Quote of the week

Trump’s electoral fiction floats free of verifiable reality. It is defended not so much by facts as by claims that someone else has made some claims. The sensibility is that something must be wrong because I feel it to be wrong, and I know others feel the same way. When political leaders such as Ted Cruz or Jim Jordan spoke like this, what they meant was: You believe my lies, which compels me to repeat them. Social media provides an infinity of apparent evidence for any conviction, especially one seemingly held by a president.

Timothy Snyder
The New York Times
18 September 2012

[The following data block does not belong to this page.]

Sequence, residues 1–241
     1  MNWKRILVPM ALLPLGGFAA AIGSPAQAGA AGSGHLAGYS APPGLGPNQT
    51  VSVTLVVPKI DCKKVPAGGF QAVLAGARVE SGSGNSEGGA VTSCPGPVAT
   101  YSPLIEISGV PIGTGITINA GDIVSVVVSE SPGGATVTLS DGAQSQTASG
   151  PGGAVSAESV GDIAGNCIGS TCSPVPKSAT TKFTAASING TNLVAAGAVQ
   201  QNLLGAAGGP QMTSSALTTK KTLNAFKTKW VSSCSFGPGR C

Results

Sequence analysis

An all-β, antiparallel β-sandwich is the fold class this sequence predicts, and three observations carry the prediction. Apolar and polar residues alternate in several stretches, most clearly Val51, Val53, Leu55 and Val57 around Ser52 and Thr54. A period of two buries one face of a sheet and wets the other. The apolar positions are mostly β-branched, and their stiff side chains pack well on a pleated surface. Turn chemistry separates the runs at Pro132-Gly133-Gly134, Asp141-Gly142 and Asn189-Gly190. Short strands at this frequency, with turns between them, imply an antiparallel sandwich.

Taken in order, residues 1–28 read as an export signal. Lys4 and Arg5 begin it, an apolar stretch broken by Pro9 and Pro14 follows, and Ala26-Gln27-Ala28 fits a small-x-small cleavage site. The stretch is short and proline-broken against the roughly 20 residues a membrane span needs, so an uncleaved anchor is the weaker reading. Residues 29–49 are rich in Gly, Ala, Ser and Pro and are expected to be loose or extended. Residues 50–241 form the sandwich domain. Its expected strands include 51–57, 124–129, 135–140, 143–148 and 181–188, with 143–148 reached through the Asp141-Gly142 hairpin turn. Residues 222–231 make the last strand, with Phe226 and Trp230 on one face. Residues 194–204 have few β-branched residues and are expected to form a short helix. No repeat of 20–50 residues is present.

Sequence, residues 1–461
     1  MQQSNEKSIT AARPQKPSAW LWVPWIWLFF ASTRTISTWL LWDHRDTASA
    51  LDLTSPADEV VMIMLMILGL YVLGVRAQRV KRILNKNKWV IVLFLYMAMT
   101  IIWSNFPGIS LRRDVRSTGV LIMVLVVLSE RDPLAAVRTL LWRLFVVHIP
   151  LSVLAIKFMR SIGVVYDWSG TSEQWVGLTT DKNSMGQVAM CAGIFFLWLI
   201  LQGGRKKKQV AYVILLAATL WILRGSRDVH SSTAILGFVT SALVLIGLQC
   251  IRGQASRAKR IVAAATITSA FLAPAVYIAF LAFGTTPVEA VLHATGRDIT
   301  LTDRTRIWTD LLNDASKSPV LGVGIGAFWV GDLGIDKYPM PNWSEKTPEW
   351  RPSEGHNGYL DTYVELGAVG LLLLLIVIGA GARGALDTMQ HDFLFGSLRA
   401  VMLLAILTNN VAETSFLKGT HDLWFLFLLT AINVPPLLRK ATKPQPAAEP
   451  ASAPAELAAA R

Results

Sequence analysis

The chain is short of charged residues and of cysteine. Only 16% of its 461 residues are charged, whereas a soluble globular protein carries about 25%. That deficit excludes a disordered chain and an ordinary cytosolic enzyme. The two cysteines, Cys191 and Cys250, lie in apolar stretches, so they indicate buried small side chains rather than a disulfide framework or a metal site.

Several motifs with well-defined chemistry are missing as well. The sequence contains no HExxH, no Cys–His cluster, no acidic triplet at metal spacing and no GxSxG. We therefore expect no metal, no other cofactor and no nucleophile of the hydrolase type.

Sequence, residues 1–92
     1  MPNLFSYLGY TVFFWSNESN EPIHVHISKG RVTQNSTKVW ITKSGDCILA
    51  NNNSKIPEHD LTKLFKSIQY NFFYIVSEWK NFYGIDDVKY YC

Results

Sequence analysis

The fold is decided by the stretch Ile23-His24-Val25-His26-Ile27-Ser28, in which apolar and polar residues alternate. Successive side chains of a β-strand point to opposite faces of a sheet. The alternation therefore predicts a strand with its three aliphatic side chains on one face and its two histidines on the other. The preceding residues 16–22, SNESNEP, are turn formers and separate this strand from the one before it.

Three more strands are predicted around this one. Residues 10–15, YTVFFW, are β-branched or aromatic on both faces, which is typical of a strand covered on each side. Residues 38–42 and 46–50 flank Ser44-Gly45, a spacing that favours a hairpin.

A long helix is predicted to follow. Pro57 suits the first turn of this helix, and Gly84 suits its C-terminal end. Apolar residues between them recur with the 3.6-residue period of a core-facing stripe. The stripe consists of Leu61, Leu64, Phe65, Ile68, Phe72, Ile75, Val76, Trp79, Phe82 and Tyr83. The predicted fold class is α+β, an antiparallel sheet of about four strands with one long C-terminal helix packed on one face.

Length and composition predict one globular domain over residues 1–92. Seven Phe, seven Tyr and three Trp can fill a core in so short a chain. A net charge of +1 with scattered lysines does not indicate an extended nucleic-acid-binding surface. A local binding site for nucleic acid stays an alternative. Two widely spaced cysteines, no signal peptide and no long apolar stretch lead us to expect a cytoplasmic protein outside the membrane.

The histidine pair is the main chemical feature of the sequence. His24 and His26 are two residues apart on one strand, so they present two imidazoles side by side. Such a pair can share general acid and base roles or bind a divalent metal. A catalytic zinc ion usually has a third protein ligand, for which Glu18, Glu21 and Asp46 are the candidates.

As citizens, rich or poor, black or white, we are excluded from the heart of the processes that create all levels of government around us. None of us is more excluded than the migrant Tembu and Pondo miners of places like Marikana. They have literally nothing, for not even the land on which they leave their families behind can ever belong to them, thanks to a disgraceful political bargain made by the ANC with traditional leaders, entrenching the power of chiefs to control the allocation of land in territories under their authority. The decision may have bought the ANC a degree of political support in Transkei for a decade, but it cannot possibly be fair or democratic to make a man or woman incapable of owning (or trading) the land they were born on. Apartheid made the accident of birth a burden for life. The ANC still does the same to people born on tribal lands. – Peter Bruce in Business Day

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